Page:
August 31, 2005

Bob Taft Should Resign (Strike Two)

Filed under: General,MSM Biz/Other Ignorance,Taxes & Government — Tom @ 5:31 pm

STRIKE ONE: The ethics convictions–Original Resignation Post from August 18.
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From the Toledo Blade, regarding the state’s failed investments with Tom Noe (HT: the R-Rated Whistleblower, who wonders why we only see prominent information about this in a Toledo newspaper; bolds are mine):

COLUMBUS – At a 2004 roast of Tom Noe, Gov. Bob Taft talked about rare coins and giving money to the Toledo-area coin dealer, but he did not make a direct reference to the $50 million rare-coin investment that now, a year later, has enveloped his administration in scandal.

Mr. Noe’s penchant for fine wine was so well-known it was an opening joke in Mr. Taft’s roast of him, a speech delivered with razzes about golf, Mr. Noe’s waistline, his status as a college dropout, and his “100-room mansion in the Florida Keys.”

The August, 2004, speech includes oblique references to rare coins and money but not a direct reference to the state’s failed investments with Mr. Noe, something the governor insists he did not know about until it was reported in The Blade on April 3, 2005.

Legislators have said that if Mr. Taft – who was convicted earlier this month of ethics violations connected to the scandal – is not being truthful, they would call for his impeachment.

William Wilkinson, lawyer for Mr. Noe, said the governor knew about the coin investment from a May, 2001, conversation he had with Mr. Noe. Mr. Wilkinson allowed that Mr. Taft might have forgotten.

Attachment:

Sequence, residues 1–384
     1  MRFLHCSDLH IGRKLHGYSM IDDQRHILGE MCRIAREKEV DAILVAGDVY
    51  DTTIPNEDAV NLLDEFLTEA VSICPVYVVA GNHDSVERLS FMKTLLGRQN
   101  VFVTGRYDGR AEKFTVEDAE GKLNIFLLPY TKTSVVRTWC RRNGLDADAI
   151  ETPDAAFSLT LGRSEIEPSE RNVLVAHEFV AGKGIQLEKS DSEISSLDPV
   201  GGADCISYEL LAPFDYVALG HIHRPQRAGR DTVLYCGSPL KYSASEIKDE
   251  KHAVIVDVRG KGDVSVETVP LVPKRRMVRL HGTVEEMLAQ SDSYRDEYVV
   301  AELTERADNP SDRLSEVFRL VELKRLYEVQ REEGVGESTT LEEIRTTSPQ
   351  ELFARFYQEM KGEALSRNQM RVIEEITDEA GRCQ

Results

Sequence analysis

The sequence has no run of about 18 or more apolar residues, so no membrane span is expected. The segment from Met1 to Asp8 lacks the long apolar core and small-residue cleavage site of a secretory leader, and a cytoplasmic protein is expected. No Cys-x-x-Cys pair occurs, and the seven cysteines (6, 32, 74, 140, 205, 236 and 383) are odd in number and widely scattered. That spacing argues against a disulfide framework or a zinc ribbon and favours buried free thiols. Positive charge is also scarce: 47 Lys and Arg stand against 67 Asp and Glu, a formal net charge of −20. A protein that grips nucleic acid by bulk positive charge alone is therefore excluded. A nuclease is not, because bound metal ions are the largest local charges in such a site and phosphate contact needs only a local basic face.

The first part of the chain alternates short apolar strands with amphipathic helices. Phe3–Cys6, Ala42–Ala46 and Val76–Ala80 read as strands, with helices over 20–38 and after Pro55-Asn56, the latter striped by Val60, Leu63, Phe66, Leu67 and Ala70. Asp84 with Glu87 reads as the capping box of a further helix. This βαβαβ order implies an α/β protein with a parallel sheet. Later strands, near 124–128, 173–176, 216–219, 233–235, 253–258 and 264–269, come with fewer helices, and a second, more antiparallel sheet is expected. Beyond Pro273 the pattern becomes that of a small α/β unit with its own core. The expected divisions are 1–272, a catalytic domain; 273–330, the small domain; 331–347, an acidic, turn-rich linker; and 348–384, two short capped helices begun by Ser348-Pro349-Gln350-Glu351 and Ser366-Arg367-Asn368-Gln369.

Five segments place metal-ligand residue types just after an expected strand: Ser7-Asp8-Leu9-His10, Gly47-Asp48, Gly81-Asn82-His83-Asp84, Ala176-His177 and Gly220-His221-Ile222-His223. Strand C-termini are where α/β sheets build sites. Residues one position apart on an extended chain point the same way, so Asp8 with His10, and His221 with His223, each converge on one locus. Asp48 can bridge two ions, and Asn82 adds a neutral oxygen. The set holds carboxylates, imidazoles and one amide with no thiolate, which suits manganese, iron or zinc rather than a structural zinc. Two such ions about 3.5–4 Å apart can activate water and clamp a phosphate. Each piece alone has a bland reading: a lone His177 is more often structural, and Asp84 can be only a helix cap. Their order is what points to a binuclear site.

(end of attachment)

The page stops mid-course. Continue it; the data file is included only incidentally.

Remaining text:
The lawyer said yesterday that the statements in the roast “were consistent with the proposition that he knew.”

“I think there is a limit to how much that is going on around you that you can be oblivious to,” he said.

So what did Bob Taft really know about Noe and when did he know it?

Answer: Obviously more than he claimed to know about Noe back on April 3.

Mr. Taft should resign. Not that I personally give a rip about timing, but Mr. Taft might consider that with all eyes focused on the hurricane damage, a resignation, while it certainly won’t be ignored, won’t get anywhere near the attention it would have two weeks ago, or probably two weeks from now.

If Mr. Taft won’t resign, the above information, which appears irrefutable, should be enough to convince the Ohio House to follow through on the promise noted in the article, get off their butts, and impeach him.

The Governor’s spokesman has said that Mr. Taft is not “governed by polls,” which currently show a narrow plurality saying he should resign (HT Viking Spirit). Nothing wrong with that; he should instead be governed by what’s left of his conscience, and get out.

UPDATE: Though I never sent a letter (maybe I did send an e-mail), I received this form letter from Mr. Taft dated September 1:

Thank you for your letter expressing your concern about my failure to file complete financial disclosure statements with the Ohio Ethics Commission. I have accepted full responsibility for these errors and I am very disappointed in myself that in this instance I did not live up to the high standards that I have set for public employees in the State of Ohio.

I hope you will understand that my mistake, though serious, was not an intentional one. Upon becoming aware that my forms were imcomplete, I took the initiative to notify the Ohio Ethics Commission, pledged my full cooperation, and provided all the information to assist the Commission in bringing its investigation to a conclusion.

I have fully disclosed, reimbursed the appropriate individuals for the cost, paid my fine, and made a public apology to the people of Ohio.

I hope you will accept my sincere and heartfelt apology. It is now time to move forward and continue to do the job that the people of Ohio elected me to do — working to build school buildings and improve our schools, creating more jobs with the help of our tax reform plan which reduces state income and sales taxes, and moving Ohio ahead in every possible way.

Sincerely,
Bob Taft
Governor

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